The alpine and tundra wildflower Dryas octopetala has the honour of lending its name to a period of climate change called the Younger Dryas, around 10,000 years ago, when glacial conditions rapidly set in across the higher Northern Hemisphere. Pollen from the Dryas flower suddenly began to appear in ice cores. The abrupt arrival of the alpine flower in the record signalled a dramatic change in climate.
The idea that climate could change abruptly challenged the gradualistic world view of the time. Now, the prevailing theory for the cause of the Younger Dryas is that a sudden influx of water from North America shut down the thermohaline circulation.
How will our present epoch be defined? The world is currently entering a period where human influences on our environment will leave clear and discernible fingerprints in the geological record. The pollen record will tell of cultivated plants, wheat and cereal crops, all the tell-tale spore of humanity, of agriculture replacing native plants.
What about uncultivated plant species? In the pollen record, imported plants, exotics and escapees would appear as sudden spikes in sites all over the world. Pollen dispersal, previously restricted by geography, that has been facilitated by human activity.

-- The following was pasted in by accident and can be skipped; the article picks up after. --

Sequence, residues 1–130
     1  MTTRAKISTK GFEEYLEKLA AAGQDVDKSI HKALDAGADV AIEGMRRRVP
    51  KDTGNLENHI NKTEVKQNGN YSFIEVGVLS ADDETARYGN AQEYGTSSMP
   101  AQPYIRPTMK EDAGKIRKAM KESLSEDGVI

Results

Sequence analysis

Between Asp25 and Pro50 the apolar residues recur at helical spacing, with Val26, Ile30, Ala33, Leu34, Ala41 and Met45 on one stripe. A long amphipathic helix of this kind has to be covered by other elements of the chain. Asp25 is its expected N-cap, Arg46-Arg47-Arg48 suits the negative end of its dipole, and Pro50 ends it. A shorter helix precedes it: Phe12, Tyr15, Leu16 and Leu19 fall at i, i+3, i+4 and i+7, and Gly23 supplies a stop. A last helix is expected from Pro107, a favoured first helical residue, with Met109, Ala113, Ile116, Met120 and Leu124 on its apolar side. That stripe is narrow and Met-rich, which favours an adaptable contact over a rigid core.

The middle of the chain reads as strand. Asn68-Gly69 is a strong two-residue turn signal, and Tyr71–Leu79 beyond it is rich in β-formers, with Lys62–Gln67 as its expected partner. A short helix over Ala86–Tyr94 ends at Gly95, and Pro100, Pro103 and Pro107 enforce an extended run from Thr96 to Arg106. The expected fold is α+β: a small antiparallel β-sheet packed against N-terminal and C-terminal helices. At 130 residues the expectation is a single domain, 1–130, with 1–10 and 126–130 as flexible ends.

The world still has its uninhabitable regions, where the vegetation has not been directly altered by human influence. Nonetheless it too will show the signature of the Anthropocene.
The climate is changing once again, but this time Dryas octopetala is not moving South, leafing down from its northern latitudes. However, the taiga is moving north. As the treeline migrates into the tundra, as the tundra retreats and the permafrost melts, our epoch may come to be defined not by the abundance of Dryas, but by its absence.